By Amal Amraoui, translated by Vanessa Szakal.
Screen-capture from «شغل حرية كرامة وطنية» (Work, freedom, national dignity).

Brought to appear before the investigative judge in Bab Bnet (Tunis) at 8:30 on the morning of October 21, Klay BBJ and two friends are met by a crowd of a hundred or so indignant supporters. Shortly after 10:00am, the three young men are acquitted.

Several days earlier, before leaving to give a concert in Hammamet, Klay BBJ is snatched up by the police in front of his home in Bab Menara. With Sniper, also a rapper, and another young man, they are transported to the police station in the Kasbah before being placed in the detention center in Bouchoucha. According to spokesman of the Interior Ministry, Walid Lougini, the arrest had been ordered by the public prosecutor in Tunis.

On the morning of October 19, the three are transported to the district central police station, and then to the emergency care facility, the Centre d’Assistance Médicale Urgente de Montfleury (CAMU), for a THC test. At this point it becomes apparent that the young men have likely been indicted for the alleged consumption and/or possession of narcotics.

Klay BBJ will not take the test because he is aware that it is a violation of his physical integrity. Furthermore, he doesn’t trust the test procedures, his lawyer Ghazi Mrabet declares.

A new form of artistic resistance

Klay BBJ, born Ahmed Ben Ahmed, grew up (and remains) in Bab Jdid. Trained as a boxer, he converts to rap shortly after the revolution. He meets Mohamed Amine Hamzaoui in a police van where they share handcuffs. During this encounter, they create the song «Zakataka» which overtly defends the consumption of cannabis. The rapper builds up his reputation and becomes one of the top names on the Tunisian rap scene. Whether solo or accompanied by the self-proclaimed voices of underground music in Tunisia, the rapper continues to focus his artistic energies on social and political issues. Klay BBJ comes to be seen as an icon of artistic resistance through lyrics that defy authority and denounce injustice. He advocates on behalf of the disadvantaged, the marginalized, and victims of the justice system.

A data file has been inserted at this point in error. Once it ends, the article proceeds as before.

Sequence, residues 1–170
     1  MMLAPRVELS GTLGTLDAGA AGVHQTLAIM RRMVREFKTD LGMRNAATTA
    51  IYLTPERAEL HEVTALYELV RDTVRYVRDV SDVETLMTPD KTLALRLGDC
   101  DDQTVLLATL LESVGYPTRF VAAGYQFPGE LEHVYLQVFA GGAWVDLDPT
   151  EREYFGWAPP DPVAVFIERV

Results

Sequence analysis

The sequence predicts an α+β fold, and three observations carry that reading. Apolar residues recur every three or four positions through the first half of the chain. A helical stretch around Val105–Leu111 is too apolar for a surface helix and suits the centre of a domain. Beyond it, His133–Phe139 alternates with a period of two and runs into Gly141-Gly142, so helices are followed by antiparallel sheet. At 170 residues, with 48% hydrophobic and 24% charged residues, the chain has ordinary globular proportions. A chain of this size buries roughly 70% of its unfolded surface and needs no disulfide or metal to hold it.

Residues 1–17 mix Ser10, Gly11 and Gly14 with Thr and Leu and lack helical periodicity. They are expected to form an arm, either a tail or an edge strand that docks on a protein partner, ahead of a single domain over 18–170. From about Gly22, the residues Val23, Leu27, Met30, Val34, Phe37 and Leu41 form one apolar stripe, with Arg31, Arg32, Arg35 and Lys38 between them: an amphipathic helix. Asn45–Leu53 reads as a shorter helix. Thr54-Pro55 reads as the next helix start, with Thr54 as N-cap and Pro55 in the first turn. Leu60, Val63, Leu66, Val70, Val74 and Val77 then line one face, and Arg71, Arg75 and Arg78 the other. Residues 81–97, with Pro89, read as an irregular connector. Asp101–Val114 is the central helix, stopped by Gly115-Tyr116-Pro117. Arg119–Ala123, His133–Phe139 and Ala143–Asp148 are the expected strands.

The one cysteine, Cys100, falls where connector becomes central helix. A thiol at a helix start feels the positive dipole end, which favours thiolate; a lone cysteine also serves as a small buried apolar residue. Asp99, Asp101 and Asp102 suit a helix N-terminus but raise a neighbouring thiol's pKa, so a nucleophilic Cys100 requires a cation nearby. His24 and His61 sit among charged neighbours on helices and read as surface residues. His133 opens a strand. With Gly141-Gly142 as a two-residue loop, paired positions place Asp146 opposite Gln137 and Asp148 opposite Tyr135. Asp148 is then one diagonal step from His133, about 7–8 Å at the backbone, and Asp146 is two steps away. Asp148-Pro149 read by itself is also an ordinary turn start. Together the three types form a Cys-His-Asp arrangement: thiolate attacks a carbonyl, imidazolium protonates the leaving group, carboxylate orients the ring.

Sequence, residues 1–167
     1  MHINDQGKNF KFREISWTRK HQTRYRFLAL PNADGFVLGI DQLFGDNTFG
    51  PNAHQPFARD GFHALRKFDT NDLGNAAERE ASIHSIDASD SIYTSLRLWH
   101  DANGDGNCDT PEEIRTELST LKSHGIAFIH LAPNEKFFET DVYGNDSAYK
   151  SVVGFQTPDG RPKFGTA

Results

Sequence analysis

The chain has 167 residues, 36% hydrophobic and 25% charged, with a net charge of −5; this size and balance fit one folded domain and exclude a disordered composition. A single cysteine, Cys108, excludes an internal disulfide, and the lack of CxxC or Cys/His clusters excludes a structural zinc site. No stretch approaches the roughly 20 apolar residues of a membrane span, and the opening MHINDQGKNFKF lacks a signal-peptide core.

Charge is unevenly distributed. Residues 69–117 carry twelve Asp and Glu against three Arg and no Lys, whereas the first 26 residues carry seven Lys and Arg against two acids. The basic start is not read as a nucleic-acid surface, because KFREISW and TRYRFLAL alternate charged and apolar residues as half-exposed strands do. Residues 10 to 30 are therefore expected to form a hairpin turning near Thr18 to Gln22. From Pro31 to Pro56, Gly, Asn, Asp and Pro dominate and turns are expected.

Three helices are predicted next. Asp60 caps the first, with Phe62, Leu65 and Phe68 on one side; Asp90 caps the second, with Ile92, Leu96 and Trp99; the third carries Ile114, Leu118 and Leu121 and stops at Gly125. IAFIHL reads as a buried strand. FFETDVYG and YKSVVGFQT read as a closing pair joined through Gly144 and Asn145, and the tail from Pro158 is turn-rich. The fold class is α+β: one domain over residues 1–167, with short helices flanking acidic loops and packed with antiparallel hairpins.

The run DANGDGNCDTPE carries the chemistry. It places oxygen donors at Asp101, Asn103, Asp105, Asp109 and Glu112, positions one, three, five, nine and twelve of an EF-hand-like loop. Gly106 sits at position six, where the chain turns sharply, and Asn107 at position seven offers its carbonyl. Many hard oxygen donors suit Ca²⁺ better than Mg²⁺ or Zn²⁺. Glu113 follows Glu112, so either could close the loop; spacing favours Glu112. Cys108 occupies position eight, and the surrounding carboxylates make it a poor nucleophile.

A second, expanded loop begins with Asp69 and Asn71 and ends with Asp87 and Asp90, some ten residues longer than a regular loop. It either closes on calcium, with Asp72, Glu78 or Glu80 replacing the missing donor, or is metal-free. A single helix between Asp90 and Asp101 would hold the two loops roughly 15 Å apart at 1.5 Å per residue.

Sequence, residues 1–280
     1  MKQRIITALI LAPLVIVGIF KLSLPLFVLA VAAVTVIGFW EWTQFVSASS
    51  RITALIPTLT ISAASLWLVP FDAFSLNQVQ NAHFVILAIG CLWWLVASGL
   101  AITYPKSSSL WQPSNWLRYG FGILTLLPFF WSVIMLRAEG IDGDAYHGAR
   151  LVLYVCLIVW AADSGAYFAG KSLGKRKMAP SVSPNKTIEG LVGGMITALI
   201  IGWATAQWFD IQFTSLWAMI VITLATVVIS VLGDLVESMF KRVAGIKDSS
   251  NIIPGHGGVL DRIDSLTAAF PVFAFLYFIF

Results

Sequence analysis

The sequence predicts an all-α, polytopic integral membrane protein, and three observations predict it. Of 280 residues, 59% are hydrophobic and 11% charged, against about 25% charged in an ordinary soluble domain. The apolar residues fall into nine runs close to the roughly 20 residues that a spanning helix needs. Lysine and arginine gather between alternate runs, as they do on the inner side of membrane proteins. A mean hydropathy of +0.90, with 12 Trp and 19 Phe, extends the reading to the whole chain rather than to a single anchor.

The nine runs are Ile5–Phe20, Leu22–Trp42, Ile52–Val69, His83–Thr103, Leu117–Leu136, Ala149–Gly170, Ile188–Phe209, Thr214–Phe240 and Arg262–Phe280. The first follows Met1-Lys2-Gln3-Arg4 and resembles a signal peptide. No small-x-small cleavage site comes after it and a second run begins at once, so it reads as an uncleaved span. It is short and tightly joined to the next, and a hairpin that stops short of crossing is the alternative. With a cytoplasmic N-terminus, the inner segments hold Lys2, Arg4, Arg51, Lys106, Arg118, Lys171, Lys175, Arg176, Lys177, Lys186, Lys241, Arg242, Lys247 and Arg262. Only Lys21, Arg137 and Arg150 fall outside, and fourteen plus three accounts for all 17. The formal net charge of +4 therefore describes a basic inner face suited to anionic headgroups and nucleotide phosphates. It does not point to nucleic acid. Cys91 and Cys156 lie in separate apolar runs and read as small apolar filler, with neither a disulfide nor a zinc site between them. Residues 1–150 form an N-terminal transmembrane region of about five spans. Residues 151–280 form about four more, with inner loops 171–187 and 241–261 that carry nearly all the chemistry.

The particular intensity–a sort of well-channeled ferocity–that propels his flow and poignant lyrics distinguishes Klay BBJ from other rappers. In «لن يمرّوا» («No pasaran») produced in April 2012, he denounces the revolution’s betrayal of dignity. Shortly after, he releases «شغل حرية كراكة وطنية» («Work, freedom, and national dignity») in which he reprimands the silence of the opposition. With Phenix in 2013 he produces «حشينا هولنا» («We screwed ourselves»). The song draws attention for its crude language and unflinching criticisms of democratic transition. In support of Weld El 15 in June 2013, he addresses «رسالة إعتذار» («Letter of Apology») to the police in which he condemns law enforcement officials, the justice system, as well as the government and its international supporters, Qatar in particular.

Current events are more than a source of inspiration for Klay BBJ: they radicalize his verses and sharpen his creativity. With Sniper, he creates an homage to Walid Danguir, arrested in Bab Jdid for drug trafficking (November 2013). Several hours after his arrest, Danguir died in a police station in the Medina. Photographs showing torture marks on Danguir’s body provoke a chain reaction of condemnations by human rights organizations. Following the arrest of blogger Azyz Amami, Klay BBJ and Phenix create the audacious «تحبوا البولة» («You want urine») in which they denounce the urine test, Law n°52 concerning the consumption of narcotics, and police repression. At the time of elections in 2014, Klay BBJ calls for a boycott through «لسنا للبيع» («We are not for sale») for which he invites Amami to appear in the prologue. His message is clearly addressed to presidential candidate Slim Riahi whose campaign targets the youth of working-class neighborhoods and the supporters of the soccer team Club Africain (of which Riahi himself is the owner).